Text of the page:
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5 Tips to help manage ankle pain.

5 tips on improving your heel pain.

Firstly it is important to be properly assessed. Pain can be because of many issues and it is not advisable to self-diagnose. Sports Massage Therapy can be a great place to start if you have any of the below symptoms or issues.

Common issues are:

Plantar fasciitis
Achilles tendonitis or tendinopathy
Stress fracture

The tips I have are suitable for people who have Achilles tendon issues or Plantar Fasciitis.

Symptoms can include:

Pain and stiffness around the ankle joint and under the foot. Pain and stiffness when walking, especially If you have been in one position for a long time. Pain when standing on tip toe. Pain or discomfort when standing for long periods of time or wearing flat shoes.

Basic ankle mobility

Tracing the letters of the alphabet with your toes, moving your toes around as if you are tracing out a clock face and gently rolling your ankles side to side and forwards and backward when standing.

Alfredson Protocol

This is my go to exercise for calf, ankle and foot issues. It is pretty easy to follow, and most patients are able to start performing it immediately. Some studies indicate that eccentric loading of the tendon is favourable to other types of exercise. Eccentric loading of a tendon occurs when your muscle and tendon are contracting as you are lengthening the muscle. The Alfredson protocol is two separate exercises.

Freeze a Lemon

It may sound strange, but ice therapy can still have its place in the initial stages of an issue or injury. Time seems to be most people nemeses, so by combining two treatment in one you stand a chance of a patient doing their rehab. I encourage patients to roll the frozen lemon under the foot, working into the heel, ball of foot and even toes. This can encourage some good mobility and hopefully start the healing process.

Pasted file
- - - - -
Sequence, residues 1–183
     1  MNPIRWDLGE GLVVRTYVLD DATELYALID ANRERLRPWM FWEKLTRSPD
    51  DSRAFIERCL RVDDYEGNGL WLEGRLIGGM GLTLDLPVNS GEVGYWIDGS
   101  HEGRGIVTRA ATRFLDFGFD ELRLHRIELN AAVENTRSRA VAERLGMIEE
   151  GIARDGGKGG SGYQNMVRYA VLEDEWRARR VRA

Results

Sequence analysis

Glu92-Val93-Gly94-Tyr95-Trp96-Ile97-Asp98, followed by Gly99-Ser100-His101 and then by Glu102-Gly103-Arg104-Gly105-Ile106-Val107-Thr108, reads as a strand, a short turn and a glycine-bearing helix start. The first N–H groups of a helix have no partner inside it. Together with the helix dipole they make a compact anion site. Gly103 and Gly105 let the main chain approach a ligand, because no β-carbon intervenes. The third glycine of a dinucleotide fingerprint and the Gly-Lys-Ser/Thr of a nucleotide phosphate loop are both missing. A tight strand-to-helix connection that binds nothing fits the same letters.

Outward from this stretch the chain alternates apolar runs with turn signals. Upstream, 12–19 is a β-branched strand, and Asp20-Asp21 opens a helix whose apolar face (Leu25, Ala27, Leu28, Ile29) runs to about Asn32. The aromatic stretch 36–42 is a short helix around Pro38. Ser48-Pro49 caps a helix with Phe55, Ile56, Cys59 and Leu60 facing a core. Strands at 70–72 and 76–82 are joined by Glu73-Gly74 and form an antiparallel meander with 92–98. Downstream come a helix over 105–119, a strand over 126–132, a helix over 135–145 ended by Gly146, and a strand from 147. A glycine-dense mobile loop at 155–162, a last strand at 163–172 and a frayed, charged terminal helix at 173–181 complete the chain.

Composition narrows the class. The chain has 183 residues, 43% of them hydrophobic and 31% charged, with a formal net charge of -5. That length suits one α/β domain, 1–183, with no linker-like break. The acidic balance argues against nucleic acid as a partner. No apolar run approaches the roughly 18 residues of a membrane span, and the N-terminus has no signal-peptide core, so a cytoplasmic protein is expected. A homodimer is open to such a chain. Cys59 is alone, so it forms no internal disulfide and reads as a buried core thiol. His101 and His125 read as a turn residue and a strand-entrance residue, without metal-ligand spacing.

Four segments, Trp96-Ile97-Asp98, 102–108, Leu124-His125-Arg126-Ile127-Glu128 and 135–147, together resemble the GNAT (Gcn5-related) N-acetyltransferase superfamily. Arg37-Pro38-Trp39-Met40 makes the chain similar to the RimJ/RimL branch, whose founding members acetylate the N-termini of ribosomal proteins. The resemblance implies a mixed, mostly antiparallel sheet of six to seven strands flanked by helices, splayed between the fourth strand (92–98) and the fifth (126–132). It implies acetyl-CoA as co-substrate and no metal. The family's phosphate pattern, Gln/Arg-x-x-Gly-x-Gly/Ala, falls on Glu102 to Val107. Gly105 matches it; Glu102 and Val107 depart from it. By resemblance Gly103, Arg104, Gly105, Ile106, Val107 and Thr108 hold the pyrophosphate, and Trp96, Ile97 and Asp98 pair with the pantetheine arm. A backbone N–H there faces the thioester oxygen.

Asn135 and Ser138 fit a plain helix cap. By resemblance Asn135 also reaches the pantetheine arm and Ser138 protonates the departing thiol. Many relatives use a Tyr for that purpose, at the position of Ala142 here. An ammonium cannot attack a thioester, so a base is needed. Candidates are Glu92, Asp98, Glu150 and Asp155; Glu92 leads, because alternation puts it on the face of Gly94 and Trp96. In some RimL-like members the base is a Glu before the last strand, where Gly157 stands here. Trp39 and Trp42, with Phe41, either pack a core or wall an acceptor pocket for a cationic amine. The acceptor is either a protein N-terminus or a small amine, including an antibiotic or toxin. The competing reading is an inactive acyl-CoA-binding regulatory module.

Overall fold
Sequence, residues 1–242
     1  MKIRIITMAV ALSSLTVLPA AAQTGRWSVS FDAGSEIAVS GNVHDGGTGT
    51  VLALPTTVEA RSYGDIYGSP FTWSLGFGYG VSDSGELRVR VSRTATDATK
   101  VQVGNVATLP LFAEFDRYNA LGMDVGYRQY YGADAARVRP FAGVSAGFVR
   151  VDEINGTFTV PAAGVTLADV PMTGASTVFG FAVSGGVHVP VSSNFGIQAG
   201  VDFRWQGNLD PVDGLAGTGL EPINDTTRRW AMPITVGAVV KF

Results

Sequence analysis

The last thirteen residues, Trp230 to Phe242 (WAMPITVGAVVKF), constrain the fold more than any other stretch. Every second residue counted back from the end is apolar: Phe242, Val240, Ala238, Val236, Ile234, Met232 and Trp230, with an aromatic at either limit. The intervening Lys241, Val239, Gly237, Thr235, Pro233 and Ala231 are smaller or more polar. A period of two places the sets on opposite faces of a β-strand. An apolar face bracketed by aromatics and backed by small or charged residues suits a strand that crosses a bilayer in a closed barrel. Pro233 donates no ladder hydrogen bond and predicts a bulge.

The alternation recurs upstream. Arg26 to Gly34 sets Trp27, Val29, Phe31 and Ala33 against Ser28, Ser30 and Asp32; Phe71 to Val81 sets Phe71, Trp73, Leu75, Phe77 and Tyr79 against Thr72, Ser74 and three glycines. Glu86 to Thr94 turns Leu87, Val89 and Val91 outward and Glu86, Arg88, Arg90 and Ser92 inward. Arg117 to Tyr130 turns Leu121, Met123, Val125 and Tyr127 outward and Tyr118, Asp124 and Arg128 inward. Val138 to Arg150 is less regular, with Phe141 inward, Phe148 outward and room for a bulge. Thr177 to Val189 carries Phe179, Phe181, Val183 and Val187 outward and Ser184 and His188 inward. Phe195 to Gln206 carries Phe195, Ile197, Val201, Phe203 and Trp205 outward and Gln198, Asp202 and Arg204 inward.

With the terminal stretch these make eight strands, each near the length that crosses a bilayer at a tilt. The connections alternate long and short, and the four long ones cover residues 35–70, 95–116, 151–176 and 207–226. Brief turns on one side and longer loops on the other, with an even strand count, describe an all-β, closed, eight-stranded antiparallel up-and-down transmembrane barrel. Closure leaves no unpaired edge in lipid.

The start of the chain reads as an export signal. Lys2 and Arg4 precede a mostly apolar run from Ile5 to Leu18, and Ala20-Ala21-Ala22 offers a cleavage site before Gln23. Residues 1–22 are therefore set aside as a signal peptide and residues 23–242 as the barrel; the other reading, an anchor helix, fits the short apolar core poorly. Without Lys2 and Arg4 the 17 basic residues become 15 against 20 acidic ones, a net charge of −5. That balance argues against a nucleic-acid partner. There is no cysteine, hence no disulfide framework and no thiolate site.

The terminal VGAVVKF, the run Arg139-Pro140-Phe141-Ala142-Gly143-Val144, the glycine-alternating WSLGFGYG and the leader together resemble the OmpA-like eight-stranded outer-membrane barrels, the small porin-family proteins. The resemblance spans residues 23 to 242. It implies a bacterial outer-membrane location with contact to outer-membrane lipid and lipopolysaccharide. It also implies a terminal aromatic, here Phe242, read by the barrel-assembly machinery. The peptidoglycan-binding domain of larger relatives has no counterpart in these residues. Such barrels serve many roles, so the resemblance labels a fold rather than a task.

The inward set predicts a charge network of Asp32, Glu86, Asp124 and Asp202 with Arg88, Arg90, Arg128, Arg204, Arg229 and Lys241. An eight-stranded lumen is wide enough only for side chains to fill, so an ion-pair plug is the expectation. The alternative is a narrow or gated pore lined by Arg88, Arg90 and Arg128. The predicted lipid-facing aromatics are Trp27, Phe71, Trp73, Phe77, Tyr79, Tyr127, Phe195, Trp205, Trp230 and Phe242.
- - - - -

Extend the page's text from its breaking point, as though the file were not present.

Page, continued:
Suitable footwear

Some of us don’t have the freedom to wear the right shoes while at work. I often treat builders who have to wear steel capped boots or office workers who wear smart tight shoes or flat pumps. I encourage people to wear soft, supported, well-fitting shoes. Take your shoe off and place the sole of it on the sole of your foot, does it fit well or is it slightly too small where your toes are? Also, look at the depth of the sole. Does it have any ‘squidge’ as I call it? One thing you can try is foam or gel insoles. This may require you buying the next size up. Get used to wearing trainers more. I understand you need to look smart for work but have smart shoes for meetings and use your trainers for the rest of the day. Also be bare foot more. Let your feet have room. If you have hard floors, then big slippers can be used at home.

Hamstring and Quadricep stretching

These big muscles work like a pully system and I find it is effective to stretch or mobilise both. Again this should only be done once you have had an assessment. It may not be suitable for all. Various stretches can be demonstrated depending on the patient’s ability. Thanks to Thomas Myers we are starting to see the body and muscular system differently. If you have tension in your feet or calves, it is best to keep working up the chain.

Self-release and massage.

I encourage patients to use foam rollers, massage balls or tennis balls to help alleviate symptoms that tight and taught muscles can cause. Blood flow is a important part of muscle recovery and it encourages the body to heal. Using tools to help self-release at home not only has physical benefits it allows the patient to understand their bodies more. Hands on manual therapy is a large part of treatment and if a small part of this can be continued at home then the results should be better.

Get in touch today if you need further advice or treatment.

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